History in the making

Dennis M. Hanno with Dean of Students Kate McCaffrey; Grant Gosselin, former dean of admission; and Assistant Professor of English Winter Jade Werner at the Class of 2018 welcoming ceremony in 2014

This year’s Commencement marked a milestone for me. I began my tenure at the college with the Class of 2018. The photo that was taken of me with the class during their first day on campus shows many anxious faces, including my own. We were all starting a new adventure, and we didn’t know what lay ahead.

It has been a great privilege to get to know the Class of 2018 and to watch them learn and grow. I’m always inspired by what students accomplish—as artists and performers; scientists and scholars; campus leaders, community activists and athletes. Students can achieve anything they set their minds to accomplishing. They make an impact on the world, and they leave Wheaton better for their contributions.

The relationships that form over those four years are special, too. So many students forge relationships that last a lifetime. The fact that Wheaton celebrates Commencement and Reunion on the same weekend—a unique and wonderful tradition—drives that home. To see alumni return to campus to reconnect with classmates, and with faculty and staff members, is heart-warming. It’s a great reminder, too, of the way that each class helps to pass on the traditions and culture of the place to new groups of students.

Of course, each student’s undergraduate career represents a brief moment in the college’s 180-plus years. On campus, we are surrounded by that history, from the portraits of Eliza and Laban Morey Wheaton that hang in the great room of the Presidents’ House to the many campus buildings named for past leaders of the college—from past educators and presidents like Mary Lyon, Lucy Larcom and Samuel Cole to current alumni and leaders such as Anson M. Beard Jr., Adrienne Bevis Mars ’58 and Diana Davis Spencer ’60.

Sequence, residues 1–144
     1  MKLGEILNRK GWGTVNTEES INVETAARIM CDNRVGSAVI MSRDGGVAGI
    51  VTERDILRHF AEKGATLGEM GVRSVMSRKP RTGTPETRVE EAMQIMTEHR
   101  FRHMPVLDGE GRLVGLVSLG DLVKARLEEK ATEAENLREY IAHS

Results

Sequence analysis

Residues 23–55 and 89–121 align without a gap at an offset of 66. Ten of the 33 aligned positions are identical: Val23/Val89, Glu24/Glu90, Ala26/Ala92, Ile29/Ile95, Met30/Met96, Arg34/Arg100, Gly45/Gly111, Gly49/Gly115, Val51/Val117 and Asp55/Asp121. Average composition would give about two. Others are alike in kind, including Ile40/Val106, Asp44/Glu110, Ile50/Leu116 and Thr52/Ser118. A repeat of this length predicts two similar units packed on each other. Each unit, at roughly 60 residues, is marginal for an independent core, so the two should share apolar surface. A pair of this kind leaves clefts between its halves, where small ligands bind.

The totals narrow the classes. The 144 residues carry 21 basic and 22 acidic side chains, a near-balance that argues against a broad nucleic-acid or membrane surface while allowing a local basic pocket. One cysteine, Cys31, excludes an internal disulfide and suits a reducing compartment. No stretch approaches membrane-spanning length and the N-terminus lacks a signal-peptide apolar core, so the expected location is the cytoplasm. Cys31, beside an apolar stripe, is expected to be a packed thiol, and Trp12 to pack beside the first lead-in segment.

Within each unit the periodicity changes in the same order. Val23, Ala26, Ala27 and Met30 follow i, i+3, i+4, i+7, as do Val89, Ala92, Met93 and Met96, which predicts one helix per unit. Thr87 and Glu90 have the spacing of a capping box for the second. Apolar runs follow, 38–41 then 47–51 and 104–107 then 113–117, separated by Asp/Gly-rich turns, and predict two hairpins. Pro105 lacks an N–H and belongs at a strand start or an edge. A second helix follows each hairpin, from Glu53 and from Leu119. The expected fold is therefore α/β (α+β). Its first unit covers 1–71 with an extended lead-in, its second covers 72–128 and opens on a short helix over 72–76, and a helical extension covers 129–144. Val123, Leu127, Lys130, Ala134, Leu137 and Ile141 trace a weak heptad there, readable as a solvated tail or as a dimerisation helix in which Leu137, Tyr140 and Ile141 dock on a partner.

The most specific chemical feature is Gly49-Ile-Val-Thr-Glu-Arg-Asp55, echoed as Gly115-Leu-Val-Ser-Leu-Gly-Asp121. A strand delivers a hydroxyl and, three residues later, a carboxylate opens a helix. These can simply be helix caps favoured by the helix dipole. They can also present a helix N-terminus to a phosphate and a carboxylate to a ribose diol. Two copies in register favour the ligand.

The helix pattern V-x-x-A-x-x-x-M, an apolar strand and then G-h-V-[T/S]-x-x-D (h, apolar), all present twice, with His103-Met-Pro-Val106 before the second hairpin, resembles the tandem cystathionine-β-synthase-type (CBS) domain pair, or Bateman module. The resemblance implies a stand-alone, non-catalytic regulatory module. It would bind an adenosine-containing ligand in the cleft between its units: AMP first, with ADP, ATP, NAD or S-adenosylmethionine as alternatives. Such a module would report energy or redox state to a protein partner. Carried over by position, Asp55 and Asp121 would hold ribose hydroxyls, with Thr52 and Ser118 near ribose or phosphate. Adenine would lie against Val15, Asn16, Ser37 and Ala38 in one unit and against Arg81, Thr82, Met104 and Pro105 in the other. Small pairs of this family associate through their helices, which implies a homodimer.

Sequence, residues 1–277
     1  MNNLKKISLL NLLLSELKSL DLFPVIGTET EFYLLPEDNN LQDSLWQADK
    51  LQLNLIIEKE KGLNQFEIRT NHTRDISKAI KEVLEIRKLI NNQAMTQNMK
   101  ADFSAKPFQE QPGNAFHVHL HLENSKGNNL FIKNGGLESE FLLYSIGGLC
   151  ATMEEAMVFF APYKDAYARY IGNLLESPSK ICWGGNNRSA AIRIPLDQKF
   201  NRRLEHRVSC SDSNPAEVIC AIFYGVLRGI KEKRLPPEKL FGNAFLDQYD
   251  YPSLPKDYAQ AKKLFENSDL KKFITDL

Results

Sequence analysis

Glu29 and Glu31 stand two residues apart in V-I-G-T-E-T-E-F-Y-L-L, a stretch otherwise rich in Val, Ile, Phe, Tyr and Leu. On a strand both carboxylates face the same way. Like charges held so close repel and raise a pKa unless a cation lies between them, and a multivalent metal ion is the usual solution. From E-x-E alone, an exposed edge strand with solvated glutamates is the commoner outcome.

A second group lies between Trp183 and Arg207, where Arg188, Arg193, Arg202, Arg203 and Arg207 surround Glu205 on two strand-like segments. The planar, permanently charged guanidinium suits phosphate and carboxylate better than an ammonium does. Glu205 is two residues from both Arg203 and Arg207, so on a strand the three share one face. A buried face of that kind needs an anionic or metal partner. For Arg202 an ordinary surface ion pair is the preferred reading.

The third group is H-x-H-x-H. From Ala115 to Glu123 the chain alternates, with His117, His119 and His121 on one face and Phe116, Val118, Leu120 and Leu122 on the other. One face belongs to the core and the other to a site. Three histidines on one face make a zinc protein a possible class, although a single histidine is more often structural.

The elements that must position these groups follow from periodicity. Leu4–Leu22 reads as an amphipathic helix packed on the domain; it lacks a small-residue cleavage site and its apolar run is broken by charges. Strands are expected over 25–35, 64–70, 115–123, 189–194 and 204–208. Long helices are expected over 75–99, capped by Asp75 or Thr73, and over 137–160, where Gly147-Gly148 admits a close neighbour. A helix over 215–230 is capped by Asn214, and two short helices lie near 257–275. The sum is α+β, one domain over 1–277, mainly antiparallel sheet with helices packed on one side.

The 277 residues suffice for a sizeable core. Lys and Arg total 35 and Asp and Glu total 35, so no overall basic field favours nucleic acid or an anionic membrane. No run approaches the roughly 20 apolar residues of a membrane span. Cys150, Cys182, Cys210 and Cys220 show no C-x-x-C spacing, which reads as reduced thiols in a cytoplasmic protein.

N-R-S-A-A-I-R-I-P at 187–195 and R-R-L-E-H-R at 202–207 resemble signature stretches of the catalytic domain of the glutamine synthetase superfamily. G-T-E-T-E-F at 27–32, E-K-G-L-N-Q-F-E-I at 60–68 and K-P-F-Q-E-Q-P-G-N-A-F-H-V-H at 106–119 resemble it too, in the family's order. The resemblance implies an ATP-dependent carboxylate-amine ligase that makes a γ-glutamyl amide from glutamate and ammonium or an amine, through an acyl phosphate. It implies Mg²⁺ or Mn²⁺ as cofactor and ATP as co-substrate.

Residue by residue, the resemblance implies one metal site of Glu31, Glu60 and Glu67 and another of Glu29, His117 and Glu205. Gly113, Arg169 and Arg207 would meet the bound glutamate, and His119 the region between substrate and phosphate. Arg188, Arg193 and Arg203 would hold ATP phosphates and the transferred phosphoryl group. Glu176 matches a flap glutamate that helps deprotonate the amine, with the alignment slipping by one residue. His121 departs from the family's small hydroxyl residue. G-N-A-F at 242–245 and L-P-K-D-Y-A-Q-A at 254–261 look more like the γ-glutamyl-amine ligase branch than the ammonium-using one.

That sense of history makes the college’s latest efforts all the more exciting.

Next year, we will open a new 178-bed residence hall that will enable Wheaton to continue to grow its enrollment while promoting community and sustainability. The residence hall will form a new quad on lower campus and contain numerous common areas, large and small, to promote student gatherings. The new building will even echo the Slype at Everett, with a gateway-like entrance of its own. And the hall, designed to meet stringent energy conservation requirements, will be the first large-scale college residence in the Northeast to meet the Passive House standard.

At the same time, the college will be finishing plans to renovate the old science center to accommodate our growing and changing academic programs. Once completed, the building will house Wheaton’s two largest academic programs—business and management and psychology—as well as a center for social entrepreneurship and a renovated makerspace facility for a host of interdisciplinary endeavors by students, faculty and staff.

These new spaces will serve thousands of students—many who are not even born yet—creating wonderful new spaces to live and learn, discover new ideas and interests, make lifelong friends and continue Wheaton’s tradition as a personal and powerfully influential liberal arts college.

These projects would not be possible without the interest and engagement of our extended community. Students, faculty, staff, alumni and parents have all participated in the discussions that developed our 10-year facility renovation and construction plan, and their input has helped to shape the projects now underway. In addition, generous philanthropic support from alumni, parents and friends plays a critical role in turning our shared plans into reality.

It has been said that education is a gift that each generation passes on to the next. The work that we are doing collectively reflects that idea in tangible and lasting ways. These building and renovation projects will have an amazing impact for many, many years to come. And that is a truly inspiring thought.